Panjabi reported soft tissue injuries associated with whiplash often may not be visualized on routine radiographs or CT scans. Soft tissues involved in low velocity whiplash seldom tear completely and are often stretched beyond the elastic limits, resulting in incomplete injuries [12].

In cadaveric studies, Taylor and Twomey demonstrated undiagnosed disc rim lesions, facet capsular tears and zygapophyseal articular fractures not appreciated through x-ray evaluation [4]. Kaplan et al. report that visualized annular tears termed, "High Intensity Zones," represent linear fissures through all or part of the disc annulus. They report that nerve ingrowth from the surface of the disc may lead to pain [13].

Ito reported chronic pain resulting from low-speed collisions may be explained by partial tears of soft tissues including annular fibers, ligaments and avascular cartilage. Because of poor blood supply, these tissues may not completely heal following injury. Resulting injuries produce altered cervical spine kinematics that can lead to accelerated degenerative changes and clinical instability [14].

Spinal ligaments are readily visualized utilizing MRI. High resolution T2 weighted images have been shown to reliably provide evidence of spinal ligament, capsular and muscular trauma as evidenced by increased signal intensity that corresponds to acute inflammation. Benedetti and Krakenes provide MRI evidence of alar ligament disruption as evidenced by signal hyperintensity and subluxation [2, 3].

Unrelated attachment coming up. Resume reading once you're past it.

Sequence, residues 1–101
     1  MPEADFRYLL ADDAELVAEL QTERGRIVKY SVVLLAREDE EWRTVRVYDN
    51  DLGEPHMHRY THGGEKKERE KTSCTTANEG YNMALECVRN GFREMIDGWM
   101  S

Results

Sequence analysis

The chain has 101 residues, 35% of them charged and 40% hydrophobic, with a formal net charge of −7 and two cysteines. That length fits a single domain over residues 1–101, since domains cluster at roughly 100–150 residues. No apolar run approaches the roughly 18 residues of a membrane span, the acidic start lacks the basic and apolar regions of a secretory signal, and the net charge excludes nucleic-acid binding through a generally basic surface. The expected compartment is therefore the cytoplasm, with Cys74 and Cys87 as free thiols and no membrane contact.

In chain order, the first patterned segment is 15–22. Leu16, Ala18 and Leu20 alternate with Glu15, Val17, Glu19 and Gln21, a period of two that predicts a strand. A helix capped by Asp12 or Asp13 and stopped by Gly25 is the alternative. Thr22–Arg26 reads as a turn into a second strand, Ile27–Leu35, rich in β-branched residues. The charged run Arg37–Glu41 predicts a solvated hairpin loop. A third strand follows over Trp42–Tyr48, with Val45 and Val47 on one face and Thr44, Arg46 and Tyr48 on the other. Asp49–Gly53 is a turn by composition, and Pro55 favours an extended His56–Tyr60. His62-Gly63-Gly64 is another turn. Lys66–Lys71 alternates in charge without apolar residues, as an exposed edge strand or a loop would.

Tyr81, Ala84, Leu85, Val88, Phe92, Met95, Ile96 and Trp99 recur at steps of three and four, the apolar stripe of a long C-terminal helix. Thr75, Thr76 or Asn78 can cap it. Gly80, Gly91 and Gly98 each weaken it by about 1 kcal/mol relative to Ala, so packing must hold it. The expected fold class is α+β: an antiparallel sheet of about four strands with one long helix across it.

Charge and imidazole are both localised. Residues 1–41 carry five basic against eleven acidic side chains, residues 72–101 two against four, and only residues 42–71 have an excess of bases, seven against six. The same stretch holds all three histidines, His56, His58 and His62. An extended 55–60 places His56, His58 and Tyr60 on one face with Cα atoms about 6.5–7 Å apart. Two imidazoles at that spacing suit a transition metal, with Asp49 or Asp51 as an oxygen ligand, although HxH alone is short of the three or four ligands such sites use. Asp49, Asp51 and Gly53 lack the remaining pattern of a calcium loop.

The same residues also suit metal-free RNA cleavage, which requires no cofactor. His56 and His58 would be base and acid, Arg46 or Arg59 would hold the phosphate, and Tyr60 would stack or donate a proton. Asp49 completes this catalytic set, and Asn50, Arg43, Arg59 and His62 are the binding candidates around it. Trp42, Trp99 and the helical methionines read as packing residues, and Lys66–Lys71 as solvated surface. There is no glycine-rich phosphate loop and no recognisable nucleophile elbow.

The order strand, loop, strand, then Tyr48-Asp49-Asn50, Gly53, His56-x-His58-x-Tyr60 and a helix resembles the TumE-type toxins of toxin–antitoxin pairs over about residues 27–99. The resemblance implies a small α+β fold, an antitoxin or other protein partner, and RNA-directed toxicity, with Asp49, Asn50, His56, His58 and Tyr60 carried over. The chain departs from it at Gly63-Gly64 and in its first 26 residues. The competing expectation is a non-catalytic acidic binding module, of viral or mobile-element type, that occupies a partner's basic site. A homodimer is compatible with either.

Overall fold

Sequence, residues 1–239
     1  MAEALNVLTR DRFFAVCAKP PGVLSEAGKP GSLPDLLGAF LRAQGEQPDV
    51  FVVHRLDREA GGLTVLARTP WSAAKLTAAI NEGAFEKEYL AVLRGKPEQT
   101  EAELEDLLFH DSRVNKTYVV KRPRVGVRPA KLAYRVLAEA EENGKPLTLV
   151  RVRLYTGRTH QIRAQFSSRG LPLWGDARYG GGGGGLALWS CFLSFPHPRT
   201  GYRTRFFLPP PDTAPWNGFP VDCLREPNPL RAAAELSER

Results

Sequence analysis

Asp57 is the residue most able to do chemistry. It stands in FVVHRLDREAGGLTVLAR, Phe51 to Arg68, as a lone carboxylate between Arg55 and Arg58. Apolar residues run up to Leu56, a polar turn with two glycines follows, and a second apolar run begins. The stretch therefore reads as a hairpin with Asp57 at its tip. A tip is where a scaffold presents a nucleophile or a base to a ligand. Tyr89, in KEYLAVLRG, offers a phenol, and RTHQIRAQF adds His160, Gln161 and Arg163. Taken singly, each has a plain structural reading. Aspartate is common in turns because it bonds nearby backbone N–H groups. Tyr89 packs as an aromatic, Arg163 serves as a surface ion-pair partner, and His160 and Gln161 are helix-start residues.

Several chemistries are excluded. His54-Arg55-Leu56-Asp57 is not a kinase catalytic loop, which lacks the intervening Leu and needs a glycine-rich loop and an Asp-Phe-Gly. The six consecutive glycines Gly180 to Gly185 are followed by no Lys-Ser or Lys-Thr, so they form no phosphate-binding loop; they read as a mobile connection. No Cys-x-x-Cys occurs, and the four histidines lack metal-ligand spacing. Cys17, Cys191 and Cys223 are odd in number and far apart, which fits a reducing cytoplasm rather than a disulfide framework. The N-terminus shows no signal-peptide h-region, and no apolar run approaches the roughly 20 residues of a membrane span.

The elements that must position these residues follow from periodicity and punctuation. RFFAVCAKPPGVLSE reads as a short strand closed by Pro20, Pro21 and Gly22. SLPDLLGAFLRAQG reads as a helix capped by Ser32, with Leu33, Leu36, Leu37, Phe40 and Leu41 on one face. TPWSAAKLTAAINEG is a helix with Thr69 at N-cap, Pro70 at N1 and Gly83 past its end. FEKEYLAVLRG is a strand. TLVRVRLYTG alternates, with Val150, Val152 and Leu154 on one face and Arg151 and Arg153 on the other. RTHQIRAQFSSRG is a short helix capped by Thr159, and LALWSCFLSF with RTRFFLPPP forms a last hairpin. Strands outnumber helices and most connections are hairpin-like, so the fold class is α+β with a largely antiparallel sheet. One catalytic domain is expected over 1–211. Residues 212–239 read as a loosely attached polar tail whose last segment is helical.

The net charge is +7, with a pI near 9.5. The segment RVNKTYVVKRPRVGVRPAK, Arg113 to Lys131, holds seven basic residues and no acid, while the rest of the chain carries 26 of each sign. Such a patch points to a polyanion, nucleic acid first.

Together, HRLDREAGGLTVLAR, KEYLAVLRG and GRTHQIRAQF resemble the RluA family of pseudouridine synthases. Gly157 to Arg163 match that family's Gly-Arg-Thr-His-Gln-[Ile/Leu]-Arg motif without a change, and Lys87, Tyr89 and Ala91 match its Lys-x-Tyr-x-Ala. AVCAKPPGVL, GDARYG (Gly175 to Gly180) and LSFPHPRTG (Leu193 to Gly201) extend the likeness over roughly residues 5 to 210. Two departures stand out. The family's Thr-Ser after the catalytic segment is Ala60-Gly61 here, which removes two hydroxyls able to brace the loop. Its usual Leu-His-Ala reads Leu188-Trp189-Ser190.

Conflicting studies exist that questions the reliability of increased T2 signal in the region of the alar ligament visualized on MRI. Roy et al. reported increased signal in the region of the alar ligament in one third of the ligaments evaluated in fifteen asymptomatic subjects [15]. Pfirrmann reported asymmetric high signal intensity of the alar ligament in the majority of non-injured cases [16]. However, Krakene points out that Roy and Pfirrmann's findings may not be accurate due to inadequate imaging protocols, the use of a small magnet (0.5 Tesla) and poor image quality.

Regarding care related to whiplash associated disorders, Rosenfeld reported that active intervention was more beneficial than rest protocols [17]. Sowa et al. reported promising clinical evidence continues to accumulate for the effectiveness of motion-based therapies in the treatment of low back pain. Their results demonstrate the anti-inflammatory and protective effect of tensile force on the annulus of the intervertebral disc, suggesting that motion can be beneficial to inflamed cells [18].

The existence of the cervical myodural bridge was originally established by Hack et al. The relationship of this anatomic entity and its relationship to cervicogenic headache have been documented [19]. Hack has hypothesized that exertion through the myodural bridge may exert tension through the pain sensitive dura. Furthermore, he indicates that chiropractic adjustive procedures likely prove beneficial through this anatomic relationship.